What are self managed superannuation funds?
Self managed superannuation funds (SMSFs) are private superannuation funds that are managed and controlled by the members. These funds are sometimes referred to as ‘DIY funds’ (although very few members of such funds find that they can indeed ‘do it themselves!’).
There may be up to 4 members in the fund; and contributions can be made to the fund by members and/ or their employers.
There are many benefits to starting an SMSF: there are also onerous responsibilities to undertake in being part of the administration and management one of such a fund – and prospective members should understand those responsibilities before becoming involved.
Why do people set up a self managed superannuation funds?
There are many advantages to consider before setting up self managed superannuation funds. The main advantages are outlined below:
- The members have control over the fund, including making investment decisions within the fund. This allows members and their financial adviser to tailor an investment strategy that suits individual circumstances and risk profile of the members within the constraints of the SIS legislation and regulations.
- Having an SMSF gives members a wide range of investment options, such as direct shares and direct property, including property used by their business. In restricted circumstances, the fund can purchase assets from members of the fund.
- In many cases, particularly for larger amounts of money, a self-managed super fund can be operated at a lower cost than would investing in retail super funds.
- An SMSF can be an effective estate planning tool. For example, a property held in the fund that the members wish to keep and pass on to other family members: by using a SMSF, the property does not necessarily have to be sold if a member dies; instead, it can be used to pay a pension, or it can be paid out as a lump sum payment in settlement of a death benefit.
What are some of the ‘onerous obligations’ taken on by a member of an SMSF?
Members of a self managed superannuation funds are also required to be trustees of the fund (or a director, if a corporate trustee is used). On establishing a SMSF, it is the responsibility of the trustee(s) of the fund to ensure that the fund complies with the law at all times. It is therefore important that trustees at least, understand their administration and reporting obligations – and seek professional help if necessary.
When establishing and maintaining a self managed superannuation fund you will need to look at a broad range of responsibilities, which include:
- Appointing trustees,
- Arranging a suitable trust deed,
- Lodging appropriate documents with the Tax Office,
- Setting an investment strategy for the fund (refer investment strategy link above),
- Investing the assets of the fund,
- Considering the insurance needs of the members,
- Maintaining proper records for the fund,
- Preparing annual accounts,
- Having the accounts audited,
- Submitting annual returns to the ATO, and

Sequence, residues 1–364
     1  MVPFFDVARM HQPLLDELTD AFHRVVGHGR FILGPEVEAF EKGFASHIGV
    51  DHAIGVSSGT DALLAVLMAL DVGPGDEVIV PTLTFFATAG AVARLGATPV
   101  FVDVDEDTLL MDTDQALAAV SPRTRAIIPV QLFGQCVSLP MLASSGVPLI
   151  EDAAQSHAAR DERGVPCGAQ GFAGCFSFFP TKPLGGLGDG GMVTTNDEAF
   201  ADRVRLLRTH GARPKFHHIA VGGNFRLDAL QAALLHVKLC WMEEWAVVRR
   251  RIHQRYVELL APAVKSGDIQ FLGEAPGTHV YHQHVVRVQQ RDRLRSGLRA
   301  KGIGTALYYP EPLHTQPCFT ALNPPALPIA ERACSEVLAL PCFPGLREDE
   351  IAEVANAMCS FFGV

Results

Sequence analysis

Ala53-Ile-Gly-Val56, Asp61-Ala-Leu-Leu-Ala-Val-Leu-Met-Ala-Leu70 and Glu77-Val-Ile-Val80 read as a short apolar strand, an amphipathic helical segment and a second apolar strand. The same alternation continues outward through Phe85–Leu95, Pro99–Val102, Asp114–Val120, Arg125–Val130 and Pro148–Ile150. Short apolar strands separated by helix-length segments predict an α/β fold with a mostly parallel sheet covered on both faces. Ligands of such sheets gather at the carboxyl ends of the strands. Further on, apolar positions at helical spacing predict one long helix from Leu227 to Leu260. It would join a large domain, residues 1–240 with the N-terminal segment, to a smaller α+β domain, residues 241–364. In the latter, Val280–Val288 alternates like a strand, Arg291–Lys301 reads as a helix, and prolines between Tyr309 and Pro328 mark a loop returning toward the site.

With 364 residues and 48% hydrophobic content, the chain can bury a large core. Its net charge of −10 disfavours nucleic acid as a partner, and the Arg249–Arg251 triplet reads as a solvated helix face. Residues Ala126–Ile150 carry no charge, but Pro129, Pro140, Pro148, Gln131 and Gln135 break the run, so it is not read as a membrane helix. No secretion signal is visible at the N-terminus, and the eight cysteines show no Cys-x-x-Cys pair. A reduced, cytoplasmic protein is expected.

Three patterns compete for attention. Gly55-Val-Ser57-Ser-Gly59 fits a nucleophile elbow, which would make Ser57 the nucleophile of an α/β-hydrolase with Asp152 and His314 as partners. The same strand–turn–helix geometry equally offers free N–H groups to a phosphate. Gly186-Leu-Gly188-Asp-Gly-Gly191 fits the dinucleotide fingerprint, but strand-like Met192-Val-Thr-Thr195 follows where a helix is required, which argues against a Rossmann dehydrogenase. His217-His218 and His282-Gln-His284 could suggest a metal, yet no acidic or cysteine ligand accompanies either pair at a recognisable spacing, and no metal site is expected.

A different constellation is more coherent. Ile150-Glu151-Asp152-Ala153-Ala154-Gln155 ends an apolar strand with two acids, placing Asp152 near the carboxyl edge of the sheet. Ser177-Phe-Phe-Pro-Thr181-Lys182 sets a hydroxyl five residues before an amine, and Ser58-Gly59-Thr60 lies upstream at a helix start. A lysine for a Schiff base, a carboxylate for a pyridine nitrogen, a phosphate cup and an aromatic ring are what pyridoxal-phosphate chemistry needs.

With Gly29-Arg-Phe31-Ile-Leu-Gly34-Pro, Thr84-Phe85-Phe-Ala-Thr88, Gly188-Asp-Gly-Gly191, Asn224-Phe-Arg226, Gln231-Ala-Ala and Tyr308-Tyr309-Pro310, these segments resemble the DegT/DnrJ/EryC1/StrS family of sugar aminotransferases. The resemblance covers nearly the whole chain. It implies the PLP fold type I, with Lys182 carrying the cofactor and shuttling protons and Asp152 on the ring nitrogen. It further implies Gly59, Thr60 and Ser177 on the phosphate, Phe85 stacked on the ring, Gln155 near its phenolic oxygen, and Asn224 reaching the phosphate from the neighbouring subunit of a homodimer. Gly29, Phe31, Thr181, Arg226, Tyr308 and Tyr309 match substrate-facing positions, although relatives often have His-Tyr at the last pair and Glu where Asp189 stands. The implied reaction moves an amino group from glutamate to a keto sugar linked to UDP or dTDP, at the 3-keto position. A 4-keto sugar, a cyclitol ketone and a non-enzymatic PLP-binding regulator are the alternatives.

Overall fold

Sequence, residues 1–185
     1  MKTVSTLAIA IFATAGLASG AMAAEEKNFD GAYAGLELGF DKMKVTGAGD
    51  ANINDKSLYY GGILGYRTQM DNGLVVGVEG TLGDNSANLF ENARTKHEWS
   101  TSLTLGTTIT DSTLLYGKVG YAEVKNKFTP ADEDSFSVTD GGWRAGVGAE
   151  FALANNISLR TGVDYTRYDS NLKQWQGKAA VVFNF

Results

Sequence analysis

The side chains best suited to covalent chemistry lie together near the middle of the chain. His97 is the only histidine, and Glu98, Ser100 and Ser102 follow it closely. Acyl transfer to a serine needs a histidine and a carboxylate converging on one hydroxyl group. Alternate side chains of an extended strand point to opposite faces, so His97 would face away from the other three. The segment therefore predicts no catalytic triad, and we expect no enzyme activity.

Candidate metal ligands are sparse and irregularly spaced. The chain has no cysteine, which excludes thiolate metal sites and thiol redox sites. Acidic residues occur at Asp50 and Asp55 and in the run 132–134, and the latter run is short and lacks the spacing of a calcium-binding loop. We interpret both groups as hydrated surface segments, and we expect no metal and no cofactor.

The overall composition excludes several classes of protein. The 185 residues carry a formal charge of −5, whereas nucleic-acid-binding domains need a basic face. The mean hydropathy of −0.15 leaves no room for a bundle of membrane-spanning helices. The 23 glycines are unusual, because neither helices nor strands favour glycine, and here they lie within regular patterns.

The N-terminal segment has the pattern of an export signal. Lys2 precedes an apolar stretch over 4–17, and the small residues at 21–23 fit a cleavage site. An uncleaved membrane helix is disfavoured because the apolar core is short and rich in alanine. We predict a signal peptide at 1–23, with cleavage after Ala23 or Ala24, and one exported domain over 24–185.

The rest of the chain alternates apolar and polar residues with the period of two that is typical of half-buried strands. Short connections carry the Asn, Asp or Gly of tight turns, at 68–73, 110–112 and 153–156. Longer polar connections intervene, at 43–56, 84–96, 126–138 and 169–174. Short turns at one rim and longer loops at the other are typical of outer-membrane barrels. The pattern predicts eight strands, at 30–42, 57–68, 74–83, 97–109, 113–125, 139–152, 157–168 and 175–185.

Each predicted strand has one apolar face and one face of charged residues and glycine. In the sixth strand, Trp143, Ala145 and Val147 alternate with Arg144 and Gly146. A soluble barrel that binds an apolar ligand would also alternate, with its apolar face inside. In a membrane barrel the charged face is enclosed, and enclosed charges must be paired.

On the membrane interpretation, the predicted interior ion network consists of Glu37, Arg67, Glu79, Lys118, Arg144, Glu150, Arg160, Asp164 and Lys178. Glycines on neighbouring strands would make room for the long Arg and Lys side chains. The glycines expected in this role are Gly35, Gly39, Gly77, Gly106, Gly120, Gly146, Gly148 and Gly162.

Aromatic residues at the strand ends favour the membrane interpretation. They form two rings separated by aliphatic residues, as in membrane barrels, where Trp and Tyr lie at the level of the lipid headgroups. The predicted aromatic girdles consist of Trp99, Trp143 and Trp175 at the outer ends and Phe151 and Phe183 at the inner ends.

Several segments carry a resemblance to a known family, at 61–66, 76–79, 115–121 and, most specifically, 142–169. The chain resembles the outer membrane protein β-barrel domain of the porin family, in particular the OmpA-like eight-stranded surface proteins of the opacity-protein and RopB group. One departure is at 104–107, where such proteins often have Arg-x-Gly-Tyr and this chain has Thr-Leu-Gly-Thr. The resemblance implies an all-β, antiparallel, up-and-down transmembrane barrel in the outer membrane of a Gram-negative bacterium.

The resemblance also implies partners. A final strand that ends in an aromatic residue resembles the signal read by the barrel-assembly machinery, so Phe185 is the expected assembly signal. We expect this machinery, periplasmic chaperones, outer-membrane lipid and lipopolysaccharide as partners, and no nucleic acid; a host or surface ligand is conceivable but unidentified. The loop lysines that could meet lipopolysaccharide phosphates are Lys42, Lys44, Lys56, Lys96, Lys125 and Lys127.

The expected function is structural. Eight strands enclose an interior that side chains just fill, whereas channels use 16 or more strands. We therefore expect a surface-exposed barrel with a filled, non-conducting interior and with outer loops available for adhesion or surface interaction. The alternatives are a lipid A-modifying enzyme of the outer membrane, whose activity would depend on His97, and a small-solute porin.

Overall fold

- Ensuring that the fund at all times complies with the relevant legislation.
There are severe penalties for trustees who fail to ensure that a super fund is properly administered. Therefore, it is advisable that, where necessary, you obtain the services of professionals who can assist you in ensuring the compliance of the fund.
What are some restrictions on the use of a SMSF?
A SMSF must be maintained ultimately to provide benefits to its members on retirement or death. It cannot be used as a means to gain a benefit before retirement.
Some of the activities a SMSF cannot engage in include:
- Carrying on a business (although there may be some exceptions to this: if considering this activity, seek professional advice),
- Acquire an asset from a member, relative of a member or an entity related to a member (except for business property, listed securities and certain other investments),
- Lend money to a member or relative of a member,
- Lease an asset to a member, other than business property,
- Invest more than 5 per cent of its assets in a private company or trust controlled by a member.
This means that you can not transfer your residential investment property into a SMSF. Your SMSF can however purchase an investment property from the open market, but you would not be allowed to rent it to yourself or a family member.
Where can you get advice about setting up a SMSF?
Self managed superannuation funds (SMSFs) are a specialised structure, controlled by specific regulatory provisions: the advisers at Continuum Financial Planners Pty Ltd are able to assist you in a number of aspects of the establishment and continuation of your own SMSF and/ or alternative superannuation strategies. We also have a network of consultants who can be accessed for other aspects: and as is the case with a number of our holistic client services, we can coordinate the services of all of the specialists required to achieve your goals in this regard. The process starts with a meeting with one of our advisers:
‘we listen, we understand; and we have solutions’ – that we deliver in personalised, professional wealth management advice that you can understand.